PHILADELPHIA — Jeffrey and Jermaine, a pair of black-and-white “pit bull”-mix puppies from Philadelphia who rocked the animal rescue world with their story in mid-November, have settled into their new home together.
The duo, now 8 months old, were rescued by Operation Ava after being picked up as strays by animal-control officers in early October. Jeffrey is blind, and Jermaine acts as his guide-dog, leading his brother around in new environments. A photo of the pair entwined while sleeping in their kennel at the rescue was shared around the world overnight.
“I’d never seen two dogs that young who were so bonded,” said Ray Little, who oversees operations at the rescue. “I’ve seen older dogs who have known each other for years and years be that way. But puppies don’t usually have that kind of loyalty yet. They’re too busy wanting to explore.”
Jonathan Hochman and Veronica McKee, who are married and live just outside Philadelphia in Delaware County, were selected to adopt the brothers from a pool of hopeful applicants. The brothers went home on Nov. 25.
Ms. McKee said the couple had been looking to adopt a pair of male puppies, preferably siblings, who would grow into medium-large dogs. They had no idea Jeffrey and Jermaine were famous when they looked at them.
Adopting two dogs, particularly when one was handicapped, required a lot of careful consideration. The couple had to pay attention to what Jeffrey could bump into, slip on, or trip over and make appropriate changes.
“We didn’t just have to puppy proof, we had to blind-puppy proof,” Ms. McKee said.
The couple are introducing Jeffrey to small areas at a time, gradually expanding his environment as he gets comfortable. Jermaine remains his constant companion.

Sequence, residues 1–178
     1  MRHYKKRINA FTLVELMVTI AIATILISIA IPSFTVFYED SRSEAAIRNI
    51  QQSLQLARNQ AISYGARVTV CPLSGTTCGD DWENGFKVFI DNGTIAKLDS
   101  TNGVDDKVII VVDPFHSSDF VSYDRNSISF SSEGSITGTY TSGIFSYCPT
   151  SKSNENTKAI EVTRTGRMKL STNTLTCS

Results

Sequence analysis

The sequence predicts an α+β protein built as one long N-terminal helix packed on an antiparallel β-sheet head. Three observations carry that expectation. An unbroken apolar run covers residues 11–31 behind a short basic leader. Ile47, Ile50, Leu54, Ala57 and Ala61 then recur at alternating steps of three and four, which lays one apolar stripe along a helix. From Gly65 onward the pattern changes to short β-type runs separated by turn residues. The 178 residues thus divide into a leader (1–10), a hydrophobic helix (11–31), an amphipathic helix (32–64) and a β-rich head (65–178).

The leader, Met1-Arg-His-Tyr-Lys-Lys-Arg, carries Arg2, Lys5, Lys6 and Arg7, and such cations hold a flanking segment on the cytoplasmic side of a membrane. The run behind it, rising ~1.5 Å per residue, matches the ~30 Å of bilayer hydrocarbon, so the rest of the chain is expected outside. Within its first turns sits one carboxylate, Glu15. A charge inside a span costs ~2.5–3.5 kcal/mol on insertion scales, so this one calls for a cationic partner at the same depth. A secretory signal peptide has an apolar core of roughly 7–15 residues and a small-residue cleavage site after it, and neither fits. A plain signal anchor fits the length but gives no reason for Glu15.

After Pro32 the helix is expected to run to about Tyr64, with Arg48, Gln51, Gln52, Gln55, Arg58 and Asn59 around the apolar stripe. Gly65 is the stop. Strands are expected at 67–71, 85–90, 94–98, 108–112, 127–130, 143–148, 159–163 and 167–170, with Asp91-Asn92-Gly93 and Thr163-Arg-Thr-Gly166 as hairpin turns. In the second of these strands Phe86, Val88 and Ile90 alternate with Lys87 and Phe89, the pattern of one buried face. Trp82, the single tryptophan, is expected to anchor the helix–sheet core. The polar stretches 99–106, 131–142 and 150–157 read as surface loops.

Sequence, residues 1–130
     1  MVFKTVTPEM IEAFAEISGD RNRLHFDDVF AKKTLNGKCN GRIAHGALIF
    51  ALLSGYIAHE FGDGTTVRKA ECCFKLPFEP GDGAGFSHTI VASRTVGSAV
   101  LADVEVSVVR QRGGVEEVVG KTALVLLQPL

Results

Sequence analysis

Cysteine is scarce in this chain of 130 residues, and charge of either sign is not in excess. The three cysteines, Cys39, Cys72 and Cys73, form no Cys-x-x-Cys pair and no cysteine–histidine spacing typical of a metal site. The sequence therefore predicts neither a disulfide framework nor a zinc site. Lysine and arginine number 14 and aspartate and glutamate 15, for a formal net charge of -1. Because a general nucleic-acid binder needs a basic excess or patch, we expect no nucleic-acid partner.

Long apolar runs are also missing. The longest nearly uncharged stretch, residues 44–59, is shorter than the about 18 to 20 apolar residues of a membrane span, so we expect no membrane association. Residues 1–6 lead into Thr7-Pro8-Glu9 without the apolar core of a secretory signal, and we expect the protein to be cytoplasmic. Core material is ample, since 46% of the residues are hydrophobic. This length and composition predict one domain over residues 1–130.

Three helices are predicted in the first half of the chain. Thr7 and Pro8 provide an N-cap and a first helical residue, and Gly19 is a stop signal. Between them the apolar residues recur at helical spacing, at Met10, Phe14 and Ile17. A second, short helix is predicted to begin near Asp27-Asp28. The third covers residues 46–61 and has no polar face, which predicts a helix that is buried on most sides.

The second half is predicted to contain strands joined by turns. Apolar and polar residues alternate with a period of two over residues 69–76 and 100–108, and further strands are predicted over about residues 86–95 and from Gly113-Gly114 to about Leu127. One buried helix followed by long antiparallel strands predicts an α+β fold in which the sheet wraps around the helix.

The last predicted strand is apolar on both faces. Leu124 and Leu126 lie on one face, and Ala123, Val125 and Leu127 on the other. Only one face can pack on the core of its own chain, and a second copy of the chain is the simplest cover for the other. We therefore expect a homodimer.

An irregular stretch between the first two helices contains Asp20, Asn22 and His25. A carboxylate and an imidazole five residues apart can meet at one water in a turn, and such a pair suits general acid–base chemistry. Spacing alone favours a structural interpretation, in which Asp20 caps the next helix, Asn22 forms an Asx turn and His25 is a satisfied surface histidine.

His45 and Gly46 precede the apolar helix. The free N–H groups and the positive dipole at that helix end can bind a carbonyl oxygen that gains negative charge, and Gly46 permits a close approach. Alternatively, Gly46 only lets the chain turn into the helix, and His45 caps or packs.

“As we continue to introduce them to new spaces, Jermaine always falls back to the role of caregiver and seeing-eye dog,” Ms. McKee said.
The two pups are often touching each other in some manner, and Jeffrey will physically lean on his brother to be led around in new spaces. They still cuddle together in their sleep.
“When they walk, even on separate leashes, they are always bumping into each other to check that the other one is there,” Ms. McKee said. “If Jermaine is off leash, he will run around and come back to check in with Jeffrey to make sure he’s OK. If they’re both off leash, they stay very close, and Jermaine kind of herds Jeffrey around.”
Despite his blindness, Jeffrey loves to play fetch. He will listen for the ball to drop or sniff it out to find it. But if he does lose one, Jermaine comes to the rescue. He stands by the ball and puts his nose on it, waiting for Jeffrey to pick it up.
“It’s remarkable how deep their bond really is,” Ms. McKee said.
The dogs’ Facebook page, “Brotherly Love Pups,” has had more than 37,000 likes since it was created Nov. 21. Messages and comments on the page come from around the world.
If the pups had been found in Toledo just a few years ago, they likely would have been killed at the direction of former dog warden Tom Skeldon because of their “pit-bull” breed. Mr. Skeldon resigned in 2009 after a public outcry for change at the agency.
Nikki Morey, executive director of Planned Pethood, said instances of rescue animals in the Toledo area being as bonded as Jeffrey and Jermaine are few and far between.
“We get pairs that would be nice to adopt together, but it’s not mandatory,” she said. “On very rare occasions do we make it mandatory because it would be detrimental to both of them to be separated.”
Ms. Morey said many rescue animals often do better when separated from mates with whom they may have been rescued.
“They seem to kind of release the old ghosts faster,” she said. “But there are times when it would a death blow for them to be divided.”
Planned Pethood has two pairs of dogs that the organization would like to adopt out together but that could be separated. Basset hounds Bella and Maizie and black Labrador retriever mixes Lacey and Morgan are available for adoption.
If they are adopted together, the fees are reduced.
Ms. McKee said Jeffrey and Jermaine have taught her and Mr. Hochman the value of living simply.
“We’ve learned the power of simplicity, from paring things back to ensure their safety,” she said. “You really don’t need much to be comfortable. A roof overhead, some food, a warm blanket, and family is really all you need.”